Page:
Kitchen Shapes and Design Layouts
What kitchen shape is suitable for your lifestyle and home?
The shape of a kitchen also known as the footprint, can take various forms depending on its position in the home and its proximity to other rooms. An “open plan” will have a different kitchen footprint than a plan that causes the kitchen to be closed off from other areas. At The Kitchen Design Centre, our kitchen designers are trained and experienced in recognising the issues regarding any layout and making the necessary recommendations on how to enhance the area to get the most from the space. Visit one of our kitchen showrooms to see some of the different kitchen shapes.
The main kitchen shapes are as follows:
L-shaped: 2 adjoining walls or 2 adjoining walls plus island. Visit our Facebook page and view the Preston kitchen to see this shape in a real home.
U-shaped: 3 adjoining walls or 2 adjoining walls and a return. Visit our Facebook page and view the Kilsyth South kitchen to see this shape in a real home.
G-shaped: 3 adjoining walls and a return bench or 2 adjoining walls and 2 return benches. Visit our Facebook page and view the St Helena kitchen to see this shape in a real home.
Galley kitchen: small closed-in room (resembling a ship’s galley) with cabinets on either one wall or both walls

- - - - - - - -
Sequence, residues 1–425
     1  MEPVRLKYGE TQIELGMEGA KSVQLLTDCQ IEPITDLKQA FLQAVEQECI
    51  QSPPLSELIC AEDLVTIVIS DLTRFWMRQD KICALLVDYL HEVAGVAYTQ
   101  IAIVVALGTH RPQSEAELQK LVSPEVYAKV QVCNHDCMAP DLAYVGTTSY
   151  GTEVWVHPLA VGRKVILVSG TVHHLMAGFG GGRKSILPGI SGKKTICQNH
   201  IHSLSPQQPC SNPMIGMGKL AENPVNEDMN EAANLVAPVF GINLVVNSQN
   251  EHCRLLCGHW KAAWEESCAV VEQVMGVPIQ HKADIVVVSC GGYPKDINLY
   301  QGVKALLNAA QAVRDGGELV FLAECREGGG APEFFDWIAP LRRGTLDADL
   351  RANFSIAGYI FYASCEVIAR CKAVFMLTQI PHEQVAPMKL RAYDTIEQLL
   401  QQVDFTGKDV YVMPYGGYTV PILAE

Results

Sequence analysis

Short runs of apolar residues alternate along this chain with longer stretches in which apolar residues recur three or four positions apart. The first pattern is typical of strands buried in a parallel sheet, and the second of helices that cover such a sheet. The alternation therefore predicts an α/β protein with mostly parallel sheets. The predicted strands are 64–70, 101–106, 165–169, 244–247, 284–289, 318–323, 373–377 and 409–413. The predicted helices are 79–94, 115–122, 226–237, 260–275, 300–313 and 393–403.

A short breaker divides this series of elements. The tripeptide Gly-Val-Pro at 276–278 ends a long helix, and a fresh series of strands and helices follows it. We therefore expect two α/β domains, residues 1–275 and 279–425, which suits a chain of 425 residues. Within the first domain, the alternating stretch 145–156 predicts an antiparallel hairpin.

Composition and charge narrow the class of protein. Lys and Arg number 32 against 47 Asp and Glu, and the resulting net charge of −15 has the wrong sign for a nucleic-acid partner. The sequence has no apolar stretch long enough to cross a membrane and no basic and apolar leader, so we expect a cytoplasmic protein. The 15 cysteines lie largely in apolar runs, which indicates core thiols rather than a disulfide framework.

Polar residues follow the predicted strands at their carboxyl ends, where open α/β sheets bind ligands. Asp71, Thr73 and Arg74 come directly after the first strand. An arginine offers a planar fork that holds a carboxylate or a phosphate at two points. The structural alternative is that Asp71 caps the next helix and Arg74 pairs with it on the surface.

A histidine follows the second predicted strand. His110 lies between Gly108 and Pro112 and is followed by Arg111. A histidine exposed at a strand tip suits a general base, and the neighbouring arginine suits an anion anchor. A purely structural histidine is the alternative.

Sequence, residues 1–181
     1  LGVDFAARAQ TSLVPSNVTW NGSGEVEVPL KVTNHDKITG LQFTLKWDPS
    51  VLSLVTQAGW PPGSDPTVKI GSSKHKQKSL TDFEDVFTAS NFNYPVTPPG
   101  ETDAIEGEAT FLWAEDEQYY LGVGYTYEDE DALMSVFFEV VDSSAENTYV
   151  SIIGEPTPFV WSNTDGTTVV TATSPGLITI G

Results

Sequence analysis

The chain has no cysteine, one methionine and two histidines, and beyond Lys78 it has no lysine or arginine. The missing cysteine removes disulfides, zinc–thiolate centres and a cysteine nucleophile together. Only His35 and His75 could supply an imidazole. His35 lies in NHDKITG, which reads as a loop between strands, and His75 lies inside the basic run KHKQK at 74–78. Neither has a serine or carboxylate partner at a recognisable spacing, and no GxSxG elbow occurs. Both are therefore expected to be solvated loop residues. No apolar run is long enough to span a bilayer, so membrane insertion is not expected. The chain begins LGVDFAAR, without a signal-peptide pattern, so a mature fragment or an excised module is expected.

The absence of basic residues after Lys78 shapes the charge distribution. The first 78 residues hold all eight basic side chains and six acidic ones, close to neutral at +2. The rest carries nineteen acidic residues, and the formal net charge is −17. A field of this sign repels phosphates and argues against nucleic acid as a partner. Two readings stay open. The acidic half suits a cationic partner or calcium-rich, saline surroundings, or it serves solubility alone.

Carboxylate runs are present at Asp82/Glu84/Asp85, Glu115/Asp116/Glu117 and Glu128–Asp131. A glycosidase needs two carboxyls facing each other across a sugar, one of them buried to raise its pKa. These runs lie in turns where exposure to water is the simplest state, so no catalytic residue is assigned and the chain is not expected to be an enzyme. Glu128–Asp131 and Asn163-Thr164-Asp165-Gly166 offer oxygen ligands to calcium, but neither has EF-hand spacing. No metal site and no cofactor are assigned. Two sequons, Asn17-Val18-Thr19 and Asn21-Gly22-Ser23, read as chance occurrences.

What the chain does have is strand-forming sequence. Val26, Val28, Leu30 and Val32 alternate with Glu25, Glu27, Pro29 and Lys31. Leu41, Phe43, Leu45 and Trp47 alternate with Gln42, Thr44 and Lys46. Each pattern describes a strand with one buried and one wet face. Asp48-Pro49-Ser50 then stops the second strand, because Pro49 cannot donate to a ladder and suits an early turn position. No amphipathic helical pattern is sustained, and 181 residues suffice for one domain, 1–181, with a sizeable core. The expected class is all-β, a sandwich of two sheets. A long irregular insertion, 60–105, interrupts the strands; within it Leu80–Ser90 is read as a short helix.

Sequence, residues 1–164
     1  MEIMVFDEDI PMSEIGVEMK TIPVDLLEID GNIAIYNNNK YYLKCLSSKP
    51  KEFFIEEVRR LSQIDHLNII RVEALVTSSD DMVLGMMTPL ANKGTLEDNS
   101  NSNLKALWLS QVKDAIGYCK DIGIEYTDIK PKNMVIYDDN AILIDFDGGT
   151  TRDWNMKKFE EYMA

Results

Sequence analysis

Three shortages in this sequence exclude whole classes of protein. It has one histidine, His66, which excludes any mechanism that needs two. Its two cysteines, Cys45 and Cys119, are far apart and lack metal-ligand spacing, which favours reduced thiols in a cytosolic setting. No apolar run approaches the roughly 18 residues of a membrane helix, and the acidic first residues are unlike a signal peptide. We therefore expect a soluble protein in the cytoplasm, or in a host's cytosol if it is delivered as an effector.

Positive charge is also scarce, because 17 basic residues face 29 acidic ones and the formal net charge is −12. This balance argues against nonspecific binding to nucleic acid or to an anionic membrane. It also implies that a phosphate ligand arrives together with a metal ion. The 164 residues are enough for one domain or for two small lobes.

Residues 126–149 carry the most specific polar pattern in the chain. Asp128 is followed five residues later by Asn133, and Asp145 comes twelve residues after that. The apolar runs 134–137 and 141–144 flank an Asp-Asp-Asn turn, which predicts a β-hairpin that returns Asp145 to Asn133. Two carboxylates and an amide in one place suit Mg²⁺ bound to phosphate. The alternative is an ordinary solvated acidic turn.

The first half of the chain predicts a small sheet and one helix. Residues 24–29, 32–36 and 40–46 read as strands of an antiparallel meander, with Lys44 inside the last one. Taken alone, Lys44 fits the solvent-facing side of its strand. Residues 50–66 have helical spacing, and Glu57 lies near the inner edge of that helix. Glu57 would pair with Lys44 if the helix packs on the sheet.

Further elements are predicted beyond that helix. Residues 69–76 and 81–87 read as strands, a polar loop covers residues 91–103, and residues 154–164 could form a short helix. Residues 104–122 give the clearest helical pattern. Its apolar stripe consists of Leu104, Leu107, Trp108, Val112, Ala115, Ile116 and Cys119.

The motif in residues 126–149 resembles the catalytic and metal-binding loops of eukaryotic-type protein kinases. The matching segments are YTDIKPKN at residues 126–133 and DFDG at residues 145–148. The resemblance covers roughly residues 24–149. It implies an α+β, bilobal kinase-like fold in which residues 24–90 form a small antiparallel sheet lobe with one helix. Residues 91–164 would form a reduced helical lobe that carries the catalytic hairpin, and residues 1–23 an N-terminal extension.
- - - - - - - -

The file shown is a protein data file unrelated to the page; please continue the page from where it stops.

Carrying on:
Gallery kitchen: 1 wall with cabinets and an island bench opposite (creating 2 separate lines), open to another space or room. Visit our Facebook page and view the Wheelers Hill kitchen to see this shape in a real home.
If a kitchen area is too small or unsuitable for the owner’s lifestyle, your kitchen designer can take all aspects of the building and structural layout into account to help create a larger, more useful space. This, of course, is determined by the owner’s budget as other trades must be consulted but at The Kitchen Design Centre our designers can help with all these considerations to help create the perfect kitchen space for your home and kitchen needs.
Visit one of our kitchen showrooms in either Blackburn or Eltham to see the options set up in a “real-life” situation.